* Co's voxelotor meets main goal of late-stage trial
* Investors wary of co's regulatory strategy - analyst
* Shares fall as much as 12 pct (Adds details from conference call, analyst comments; updates share move)
By Manas Mishra and Tamara Mathias
June 27 (Reuters) - Global Blood Therapeutics Inc's sickle cell disease treatment met the main goal of a late-stage trial, but scepticism over whether the drug would get an accelerated review from health regulators pushed its shares down 12 percent.
The U.S. biotech company said it would seek accelerated approval for the drug, voxelotor, on the basis of its effectiveness against hemolytic anemia, a condition where red blood cells are destroyed and removed from the bloodstream.
"Investors are likely digesting the potential risks associated with the company's aggressive regulatory strategy to gain approval on hemolytic markers," said William Blair analyst Raju Prasad.
Global Blood also said it would not use a tool it had designed for the trial to measure clinical benefit in the patient's daily lives as a secondary goal of the study, as this data was difficult to interpret.
"They apparently plan to move ahead with accelerated review without it (the secondary goal)," said Wedbush analyst Liana Moussatos, noting that this could cause volatility in the stock.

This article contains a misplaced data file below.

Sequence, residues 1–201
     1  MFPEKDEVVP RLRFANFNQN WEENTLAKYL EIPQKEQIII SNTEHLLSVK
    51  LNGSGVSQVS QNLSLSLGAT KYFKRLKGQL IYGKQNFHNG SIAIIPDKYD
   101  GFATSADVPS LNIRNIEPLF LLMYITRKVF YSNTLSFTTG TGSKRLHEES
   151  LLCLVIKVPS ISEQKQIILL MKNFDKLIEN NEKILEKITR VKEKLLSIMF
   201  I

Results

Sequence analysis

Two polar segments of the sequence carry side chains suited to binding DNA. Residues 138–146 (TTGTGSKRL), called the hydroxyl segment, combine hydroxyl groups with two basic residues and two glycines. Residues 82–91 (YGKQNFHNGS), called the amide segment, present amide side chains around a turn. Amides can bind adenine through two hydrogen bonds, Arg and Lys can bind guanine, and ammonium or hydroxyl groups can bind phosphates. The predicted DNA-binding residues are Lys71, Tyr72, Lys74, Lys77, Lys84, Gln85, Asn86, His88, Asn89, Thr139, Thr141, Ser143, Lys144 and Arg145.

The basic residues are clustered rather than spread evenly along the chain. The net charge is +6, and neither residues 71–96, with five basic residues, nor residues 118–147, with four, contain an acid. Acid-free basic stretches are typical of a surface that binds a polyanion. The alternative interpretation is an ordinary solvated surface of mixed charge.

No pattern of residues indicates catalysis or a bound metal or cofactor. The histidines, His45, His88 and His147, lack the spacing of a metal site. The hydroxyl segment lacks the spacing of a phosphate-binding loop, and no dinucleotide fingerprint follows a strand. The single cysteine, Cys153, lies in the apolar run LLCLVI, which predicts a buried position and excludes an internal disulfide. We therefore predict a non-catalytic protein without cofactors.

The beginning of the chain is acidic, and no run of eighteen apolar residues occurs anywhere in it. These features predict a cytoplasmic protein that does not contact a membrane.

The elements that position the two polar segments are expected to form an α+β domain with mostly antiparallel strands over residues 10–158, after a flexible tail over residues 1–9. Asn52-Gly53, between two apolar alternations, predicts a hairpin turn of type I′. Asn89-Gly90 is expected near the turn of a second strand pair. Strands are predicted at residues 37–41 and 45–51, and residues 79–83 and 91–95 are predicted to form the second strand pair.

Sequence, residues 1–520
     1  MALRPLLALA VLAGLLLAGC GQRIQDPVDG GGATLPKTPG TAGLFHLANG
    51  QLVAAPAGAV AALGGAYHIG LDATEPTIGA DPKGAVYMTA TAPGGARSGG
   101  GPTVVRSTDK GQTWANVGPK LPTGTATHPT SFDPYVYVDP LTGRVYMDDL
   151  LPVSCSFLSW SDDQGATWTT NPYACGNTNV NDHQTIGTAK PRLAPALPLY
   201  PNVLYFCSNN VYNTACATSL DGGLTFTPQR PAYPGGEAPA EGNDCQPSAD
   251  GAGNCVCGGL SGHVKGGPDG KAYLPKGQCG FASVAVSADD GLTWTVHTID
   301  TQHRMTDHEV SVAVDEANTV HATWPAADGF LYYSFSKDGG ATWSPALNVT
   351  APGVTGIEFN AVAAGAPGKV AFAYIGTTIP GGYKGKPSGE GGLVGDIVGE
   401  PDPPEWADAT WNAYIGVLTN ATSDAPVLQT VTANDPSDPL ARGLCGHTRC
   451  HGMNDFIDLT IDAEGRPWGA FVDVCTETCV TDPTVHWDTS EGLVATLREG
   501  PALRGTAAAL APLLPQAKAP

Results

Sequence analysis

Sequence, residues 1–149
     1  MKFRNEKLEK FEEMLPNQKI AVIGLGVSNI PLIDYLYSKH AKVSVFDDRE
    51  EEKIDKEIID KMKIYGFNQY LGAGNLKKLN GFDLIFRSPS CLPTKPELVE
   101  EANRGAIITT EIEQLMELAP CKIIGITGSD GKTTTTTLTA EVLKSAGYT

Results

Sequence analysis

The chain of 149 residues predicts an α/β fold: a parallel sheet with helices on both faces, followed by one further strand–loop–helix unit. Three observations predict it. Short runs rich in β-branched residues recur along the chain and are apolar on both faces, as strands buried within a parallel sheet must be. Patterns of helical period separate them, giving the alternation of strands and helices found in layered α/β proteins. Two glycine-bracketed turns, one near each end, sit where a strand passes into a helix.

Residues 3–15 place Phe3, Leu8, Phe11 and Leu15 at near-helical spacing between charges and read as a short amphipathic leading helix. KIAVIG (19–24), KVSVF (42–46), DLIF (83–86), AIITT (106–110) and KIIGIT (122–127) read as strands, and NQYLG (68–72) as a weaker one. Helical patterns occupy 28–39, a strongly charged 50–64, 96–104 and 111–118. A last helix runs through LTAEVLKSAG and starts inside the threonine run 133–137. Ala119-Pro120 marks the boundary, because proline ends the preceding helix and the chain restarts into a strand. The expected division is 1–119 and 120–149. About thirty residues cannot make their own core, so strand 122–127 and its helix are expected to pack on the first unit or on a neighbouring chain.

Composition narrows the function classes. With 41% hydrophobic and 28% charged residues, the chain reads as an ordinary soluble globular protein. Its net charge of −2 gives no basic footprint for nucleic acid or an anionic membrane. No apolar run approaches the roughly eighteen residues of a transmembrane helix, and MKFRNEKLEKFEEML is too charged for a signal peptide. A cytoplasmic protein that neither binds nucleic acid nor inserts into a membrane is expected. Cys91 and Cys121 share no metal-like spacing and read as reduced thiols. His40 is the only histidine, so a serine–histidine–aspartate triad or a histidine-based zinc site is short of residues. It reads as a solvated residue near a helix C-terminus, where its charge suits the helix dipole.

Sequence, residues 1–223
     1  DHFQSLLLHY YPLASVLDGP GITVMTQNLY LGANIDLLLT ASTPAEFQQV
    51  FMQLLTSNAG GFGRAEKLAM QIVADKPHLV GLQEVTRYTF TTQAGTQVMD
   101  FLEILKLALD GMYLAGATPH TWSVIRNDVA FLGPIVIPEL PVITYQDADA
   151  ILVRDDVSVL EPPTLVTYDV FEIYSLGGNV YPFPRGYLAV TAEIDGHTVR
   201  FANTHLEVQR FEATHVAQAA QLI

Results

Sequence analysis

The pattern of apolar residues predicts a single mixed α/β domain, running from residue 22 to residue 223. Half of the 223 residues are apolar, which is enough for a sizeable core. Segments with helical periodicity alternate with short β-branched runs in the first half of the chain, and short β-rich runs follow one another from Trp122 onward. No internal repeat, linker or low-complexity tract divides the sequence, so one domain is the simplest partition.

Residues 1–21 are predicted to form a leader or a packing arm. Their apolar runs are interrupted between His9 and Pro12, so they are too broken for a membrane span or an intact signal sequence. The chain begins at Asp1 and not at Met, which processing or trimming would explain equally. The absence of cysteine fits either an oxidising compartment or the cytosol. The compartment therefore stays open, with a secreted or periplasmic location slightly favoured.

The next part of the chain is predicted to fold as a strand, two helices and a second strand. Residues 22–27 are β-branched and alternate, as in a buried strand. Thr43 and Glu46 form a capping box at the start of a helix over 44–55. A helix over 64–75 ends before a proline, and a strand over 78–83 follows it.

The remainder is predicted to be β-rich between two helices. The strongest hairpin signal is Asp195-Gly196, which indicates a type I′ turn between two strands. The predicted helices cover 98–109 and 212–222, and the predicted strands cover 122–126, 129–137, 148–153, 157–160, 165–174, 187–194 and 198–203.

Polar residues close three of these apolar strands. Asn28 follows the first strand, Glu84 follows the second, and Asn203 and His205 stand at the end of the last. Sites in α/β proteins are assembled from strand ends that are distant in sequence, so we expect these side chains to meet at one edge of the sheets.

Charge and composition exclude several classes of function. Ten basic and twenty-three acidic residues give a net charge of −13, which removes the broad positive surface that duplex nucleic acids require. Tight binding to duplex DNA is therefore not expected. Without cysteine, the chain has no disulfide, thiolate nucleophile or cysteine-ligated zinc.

The company said it plans to present results from the trial at a medical meeting later this year. Data from a later phase of the study is expected in the first half of 2019.
The data on Wednesday showed that a statistically significant number of patients on the treatment, voxelotor, experienced a rise in levels of hemoglobin - a protein in red blood cells that carries oxygen throughout the body - compared to a placebo.
"There is well-documented correlation of organ loss and premature death with hemoglobin," company executives said on a call with analysts, noting that the company's discussions with the Food and Drug Administration revolved around the rise in hemoglobin levels.
Sickle cell disease is a potentially life-threatening disorder that can lead to failure of the organs. The disease affects about 100,000 Americans and in 1 in 13 black or African-American babies are born with the trait, the Centers for Disease Control and Prevention estimates.
The company's shares, which touched a low of $33.80 in early trading, eased to trade down 5.2 percent at $26.70. (Reporting by Manas Mishra and Tamara Mathias in Bengaluru; Editing by Maju Samuel)